Game 2’s scoring was started by the Cardinals in the third when Del Rice led off with a double and pitcher Harry Brecheen helped his own cause with a bloop single, giving the Cards and early 1-0 lead. Rice got things going again in the fifth, this time with a single. Reached third on a throwing error on Brecheen’s bunt attempt. One out later Terry Moore’s single drove home Rice, and Musial’s groundout scored Brecheen. That would be all the scoring went the distance, allowing four hits and three walks to go with four strikeouts in a complete game shutout to even the series at a game apiece.
Game 3 shifted the series to Fenway. The scoring happened quickly. Pesky hit a one out single and after DiMaggio grounded out, Ted Williams was intentionally walked. That backfired as Rudy York homered over the Green Monster, making it 3-0 Red Sox. Boston added an insurance run and Dave Ferris returned the favor with a complete game shutout of his own. Boston now had a 2-1 lead.
Game 4 started with a scoreless first, then the Cardinals lumber started to go to work. Slaughter homered to right leading off the second, then Kurowski followed that up with a double. After a flyout Harry Walker singled to score Kurowski. On a steal attempt Pesky’s error allowed Walker to move to third. A safety squeeze scored the third run of the inning. In the third Schoendienst singled and Moore reached on an error, leading to Stan the Man’s RBI double. They added another run and made the score 6-0. In the bottom of the fourth Williams’ one out single and York’s RBI double put the Red Sox on the board, but that was as close as the Sawx would get. The Cardinals added a run in the fifth and again in the seventh, and while Boston added a two-run homer from Doerr in the eighth, the Cardinals added four in the ninth for a 12-3 victory to even the series.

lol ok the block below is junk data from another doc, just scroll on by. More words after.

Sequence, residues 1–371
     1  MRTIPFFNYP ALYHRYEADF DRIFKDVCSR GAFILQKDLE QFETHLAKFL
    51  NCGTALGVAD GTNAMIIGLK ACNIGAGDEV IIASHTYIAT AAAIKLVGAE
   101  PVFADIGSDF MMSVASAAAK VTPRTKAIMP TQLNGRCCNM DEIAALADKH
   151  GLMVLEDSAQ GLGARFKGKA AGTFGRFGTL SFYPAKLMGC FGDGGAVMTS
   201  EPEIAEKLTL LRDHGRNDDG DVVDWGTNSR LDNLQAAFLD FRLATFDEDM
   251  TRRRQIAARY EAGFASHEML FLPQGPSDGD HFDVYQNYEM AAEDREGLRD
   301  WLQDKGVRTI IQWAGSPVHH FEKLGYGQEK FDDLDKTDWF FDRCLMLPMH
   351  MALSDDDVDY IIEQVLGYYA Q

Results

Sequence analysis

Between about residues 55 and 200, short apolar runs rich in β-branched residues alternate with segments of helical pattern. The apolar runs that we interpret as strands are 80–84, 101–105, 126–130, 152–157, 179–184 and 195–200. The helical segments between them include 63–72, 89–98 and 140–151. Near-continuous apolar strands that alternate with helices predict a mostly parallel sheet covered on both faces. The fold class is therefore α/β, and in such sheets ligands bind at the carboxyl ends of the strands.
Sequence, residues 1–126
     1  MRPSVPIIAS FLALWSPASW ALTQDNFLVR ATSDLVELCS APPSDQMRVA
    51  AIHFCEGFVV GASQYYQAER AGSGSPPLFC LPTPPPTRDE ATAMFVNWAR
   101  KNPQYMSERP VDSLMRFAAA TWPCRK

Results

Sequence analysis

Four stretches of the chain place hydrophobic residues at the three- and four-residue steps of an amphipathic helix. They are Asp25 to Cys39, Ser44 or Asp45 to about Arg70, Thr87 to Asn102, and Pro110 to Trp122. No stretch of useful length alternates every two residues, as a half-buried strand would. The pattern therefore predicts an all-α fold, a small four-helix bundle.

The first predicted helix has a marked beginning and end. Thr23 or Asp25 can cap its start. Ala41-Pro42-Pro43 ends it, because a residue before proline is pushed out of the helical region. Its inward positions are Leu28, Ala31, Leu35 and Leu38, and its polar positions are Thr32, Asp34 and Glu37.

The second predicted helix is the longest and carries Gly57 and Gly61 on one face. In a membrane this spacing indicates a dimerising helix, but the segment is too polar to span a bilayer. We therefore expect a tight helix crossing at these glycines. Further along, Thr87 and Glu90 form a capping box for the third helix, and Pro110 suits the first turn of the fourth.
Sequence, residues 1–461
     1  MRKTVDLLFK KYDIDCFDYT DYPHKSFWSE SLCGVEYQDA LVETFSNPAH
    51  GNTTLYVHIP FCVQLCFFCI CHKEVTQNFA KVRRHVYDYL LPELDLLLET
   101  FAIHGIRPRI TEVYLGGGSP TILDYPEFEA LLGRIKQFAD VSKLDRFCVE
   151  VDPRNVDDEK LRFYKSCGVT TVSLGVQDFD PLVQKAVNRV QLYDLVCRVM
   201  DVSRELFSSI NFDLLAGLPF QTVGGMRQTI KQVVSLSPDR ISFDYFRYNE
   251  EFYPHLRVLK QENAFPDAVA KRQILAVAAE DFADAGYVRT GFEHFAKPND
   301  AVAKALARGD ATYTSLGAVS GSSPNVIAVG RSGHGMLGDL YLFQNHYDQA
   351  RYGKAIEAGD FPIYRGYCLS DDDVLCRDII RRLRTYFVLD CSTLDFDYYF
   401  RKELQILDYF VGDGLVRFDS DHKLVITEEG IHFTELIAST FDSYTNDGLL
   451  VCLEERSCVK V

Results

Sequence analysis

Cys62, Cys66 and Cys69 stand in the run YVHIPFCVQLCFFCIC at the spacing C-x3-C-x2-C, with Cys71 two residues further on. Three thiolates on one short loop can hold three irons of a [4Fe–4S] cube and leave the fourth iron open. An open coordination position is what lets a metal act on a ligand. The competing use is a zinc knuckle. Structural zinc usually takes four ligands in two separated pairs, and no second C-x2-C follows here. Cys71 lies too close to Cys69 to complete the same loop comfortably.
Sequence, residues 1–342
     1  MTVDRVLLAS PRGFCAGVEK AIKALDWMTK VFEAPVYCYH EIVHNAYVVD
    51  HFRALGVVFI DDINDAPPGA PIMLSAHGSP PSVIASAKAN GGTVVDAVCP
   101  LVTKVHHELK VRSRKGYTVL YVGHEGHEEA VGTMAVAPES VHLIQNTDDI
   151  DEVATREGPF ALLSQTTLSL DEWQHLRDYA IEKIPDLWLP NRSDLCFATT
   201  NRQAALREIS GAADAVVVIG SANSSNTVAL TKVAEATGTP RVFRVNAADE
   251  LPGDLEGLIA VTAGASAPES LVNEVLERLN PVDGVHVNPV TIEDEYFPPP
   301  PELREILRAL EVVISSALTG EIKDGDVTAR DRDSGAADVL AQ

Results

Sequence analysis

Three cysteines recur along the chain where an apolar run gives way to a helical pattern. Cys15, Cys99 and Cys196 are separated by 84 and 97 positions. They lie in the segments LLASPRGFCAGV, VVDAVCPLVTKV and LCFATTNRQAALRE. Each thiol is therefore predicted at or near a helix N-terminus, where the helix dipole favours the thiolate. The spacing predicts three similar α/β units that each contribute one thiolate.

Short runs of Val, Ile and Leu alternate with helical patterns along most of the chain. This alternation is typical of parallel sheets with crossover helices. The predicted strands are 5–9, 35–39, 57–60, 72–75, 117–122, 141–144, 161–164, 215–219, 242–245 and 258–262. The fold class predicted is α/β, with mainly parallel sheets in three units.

Game 5 the Red Sox got on the board in the first when Don Gutteridge and Pesky singled, then after a fielder’s choice Teddy Ballgame singled in the game’s first run. The lead did not last long, as Walker doubled in Garagiola in the top of the second. An RBI single by Gutteridge in the bottom half gave the Red Sox the lead right back. Lee Culberson extended the lead with a leadoff homer in the sixth. They added three more in the seventh, and starter Joe Dobson was able to hold off a late rally to complete the game for a 6-3 win and a 3-2 series lead heading back to St. Louis.
Game 6 was scoreless for the first two innings. Then in the bottom of the third Del Rice led off with a single and a sac bunt by pitcher Harry Brecheen failed, Schoendienst doubled. A Terry Moore sac fly scored the first run. Then Musial beat out an infield single. Then back-to-back singles by Kurowski and Slaughter plated two more and the Cardinals had an early 3-0 lead. The Red Sox were held scoreless until the top of the seventh. Rudy York led off with a blast to center that went off the wall just out of Moore’s reach, leading to a triple. Doerr hit a sac fly to left to get the Sox on the board, but that was it. The Cards added a run to make the final 4-1, setting up Game 7.